In 2004, when I was six years old, my family and I moved From America to Toronto. I was leaving behind the forests of rural Missouri.
Days of catching crawdads in the creek (pronounced crick, in the Ozarks drawl) and smelling woodsmoke on starlit summer nights had suddenly disappeared, replaced by a decidedly concrete, urban environment that didn’t really have a precedent in my life at the time. City life was incredibly new to me – Before we crossed the border into Toronto, I thought about what it would be like.
Here are some of the notions I had in my head:
- Polar bears just walking through the streets – because it’s Canada, and it’s cold, right?
- The only buildings we’d be seeing would be igloos – because it’s Canada, and it’s cold, right?
- Subway trains had entire ‘Undercities’ in the tunnels, and people would live in them.
When we arrived in Toronto, we lived in a tall apartment building in the east end of the city. North of us was a largely industrial area, full of concrete factories and chemical plants, abandoned warehouses and empty lots, while to the northwest was the affluent neighborhood of Leaside. But to the northeast and surrounding us on all sides –
That was the Don Valley.
Let me give you some history on the Valley itself. For one thing, it’s had its protectors over the years. It seems like every decade or so the Don Valley chooses someone to champion it, to explore its many hills and ravines. Ernest Thompson Seton (1860-1946), a founding member of the Boy Scouts of America, wrote extensively on the Don Valley, even owning two small cottages for some time in parts of the ravines.
“All my nature craved for knowledge of these things….When I glimpsed some new bird…I got a curious prickling in my scalp. Something clutched my throat; and when the bird flew off, leaving me dark as ever, it was like a swift blackness with a vague sense of sorrow and loss.”
— Ernest Thompson Seton
The second champion of the Don was Charles Sauriol (1904-1995) another naturalist who has written several books on the subject of the Don Valley as well as a major protestor of the Don Valley Parkway, an expressway project constructed in 1961.
He also owned two cottages for some time in the ravines – on the northeast corner of the Forks of the Don, the remnants of which I’ve been to several times, although the area is currently a hotbed of mosquito activity, so I can never stay long. What I have found is the remnants of Sauriol’s old bridge that crosses the Don, and what I believe to be an old well.
Today, the valley is still a hotbed of activity and while it has become less of a wilderness in recent years, there are still areas of it that are largely glossed over by the average hiker or mountain bike enthusiast. Areas with decades upon decades of history just beneath the surface.
I have no cottages in the ravine, nor any published books detailing my explorations, but I am lucky enough to live in a building that is as close to the ravine as possible without actually living in it. As I write this I have a birds-eye view of the 20th century railway bridge that Sauriol showcased in a picture as an example of the industrialization of the natural beauty of the ravine.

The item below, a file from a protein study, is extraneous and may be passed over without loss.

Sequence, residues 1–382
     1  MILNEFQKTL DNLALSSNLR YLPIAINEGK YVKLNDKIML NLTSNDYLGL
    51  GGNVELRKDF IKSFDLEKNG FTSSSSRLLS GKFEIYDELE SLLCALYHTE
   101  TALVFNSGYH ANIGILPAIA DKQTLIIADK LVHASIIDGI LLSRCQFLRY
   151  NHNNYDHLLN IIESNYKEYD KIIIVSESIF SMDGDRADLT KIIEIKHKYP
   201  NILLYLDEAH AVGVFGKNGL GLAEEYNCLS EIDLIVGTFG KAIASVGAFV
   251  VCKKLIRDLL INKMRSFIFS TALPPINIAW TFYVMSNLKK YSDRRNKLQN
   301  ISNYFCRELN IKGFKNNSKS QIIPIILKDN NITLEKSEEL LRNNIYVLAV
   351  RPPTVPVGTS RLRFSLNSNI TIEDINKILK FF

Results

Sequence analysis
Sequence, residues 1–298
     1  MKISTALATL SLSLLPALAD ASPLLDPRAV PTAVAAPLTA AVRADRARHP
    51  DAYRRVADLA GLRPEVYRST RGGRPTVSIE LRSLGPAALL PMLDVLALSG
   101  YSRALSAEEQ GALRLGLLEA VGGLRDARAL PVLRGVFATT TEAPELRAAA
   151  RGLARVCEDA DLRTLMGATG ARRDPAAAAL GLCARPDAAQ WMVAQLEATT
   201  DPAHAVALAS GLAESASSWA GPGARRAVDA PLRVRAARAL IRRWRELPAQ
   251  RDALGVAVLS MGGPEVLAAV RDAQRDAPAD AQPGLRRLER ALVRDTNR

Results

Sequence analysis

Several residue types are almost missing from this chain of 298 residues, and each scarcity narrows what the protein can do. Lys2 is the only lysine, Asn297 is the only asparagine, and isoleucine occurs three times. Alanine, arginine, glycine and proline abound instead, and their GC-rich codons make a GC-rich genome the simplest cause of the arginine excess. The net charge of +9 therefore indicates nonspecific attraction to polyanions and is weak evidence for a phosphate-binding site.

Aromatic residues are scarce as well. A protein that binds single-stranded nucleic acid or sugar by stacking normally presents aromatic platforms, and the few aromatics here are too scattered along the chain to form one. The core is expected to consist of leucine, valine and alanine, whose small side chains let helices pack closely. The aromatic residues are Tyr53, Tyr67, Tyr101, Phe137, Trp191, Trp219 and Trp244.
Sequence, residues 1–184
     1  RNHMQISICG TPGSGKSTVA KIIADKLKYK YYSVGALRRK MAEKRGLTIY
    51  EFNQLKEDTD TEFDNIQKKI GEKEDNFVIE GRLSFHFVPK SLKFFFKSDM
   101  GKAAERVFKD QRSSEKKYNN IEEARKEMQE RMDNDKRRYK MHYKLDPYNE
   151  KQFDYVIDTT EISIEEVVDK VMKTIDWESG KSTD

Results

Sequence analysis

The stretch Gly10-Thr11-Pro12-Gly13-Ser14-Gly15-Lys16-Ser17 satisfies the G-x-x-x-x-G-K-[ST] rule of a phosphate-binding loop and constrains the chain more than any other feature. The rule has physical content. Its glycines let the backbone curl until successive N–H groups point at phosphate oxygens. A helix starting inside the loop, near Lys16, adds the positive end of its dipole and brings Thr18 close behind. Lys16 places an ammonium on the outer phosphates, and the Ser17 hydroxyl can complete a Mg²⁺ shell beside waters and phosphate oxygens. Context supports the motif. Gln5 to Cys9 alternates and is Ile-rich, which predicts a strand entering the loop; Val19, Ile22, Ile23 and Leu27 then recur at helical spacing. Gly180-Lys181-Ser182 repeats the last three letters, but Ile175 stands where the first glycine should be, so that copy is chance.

And I have some stories and photographs from the sixteen years I’ve spent exploring the Don Valley, which I can share with you here.
The Bottle Dump
Leaside was always a railroad town. It was one of the very first planned communities in Canada, and its streets (Hanna, Wicksteed, Fleming) all showcase that. All of these names harken back to the Canadian National Railway company, who had a hand in organizing the creation of Leaside itself.
One day I was wandering through a part of the forest close to my apartment, south of Leaside along a small western offshoot creek that fed into the Don River, doing some mudlarking, trying to find some interesting fossils or cool rocks when I saw a glint of something half buried in the creekbed. Intrigued, I waded in a little bit and pulled the object out of the creek – finding that it was a large, intact antique wine bottle that seemed to be in relatively good shape. Continuing my search of the creek I found more pieces of busted pottery, and a few old, yellow bricks.
This part of the river was downstream – so I walked further on up the river, through a couple brambles, while being accosted by mosquitos the whole way.
Eventually I reached the bottom of a large ravine. All along the North side of this ravine was a treasure trove of glass. All sorts of cobalt blue bottles, interestingly shaped soda bottles – and it was totally untouched, other than the steady flow of time.
What I’d found was the old Leaside bottle dump. These bottles all date back to the early 20th century, from about 1920 – 1932. Many of these bottles are pharmaceutical in nature, and from my research and some of the embossed glass on the side, I’m inclined to believe they came from the Tamblyn drug store on Bayview and Millwood.
It’s an interesting place – time is frozen there, since it’s so hard to reach due to the hazards of the swamp around it – and the trees blocking it from view, its a very solitary area – a small piece of history hidden amongst the trees of the Don.
And that’s what Sauriol, Seton, and modern contemporaries like Robert Burley – photographer and writer of the book An Enduring Wilderness: Toronto’s Parklands all have in common. We are all explorers – and so very lucky to have these incredible green spaces here in Toronto.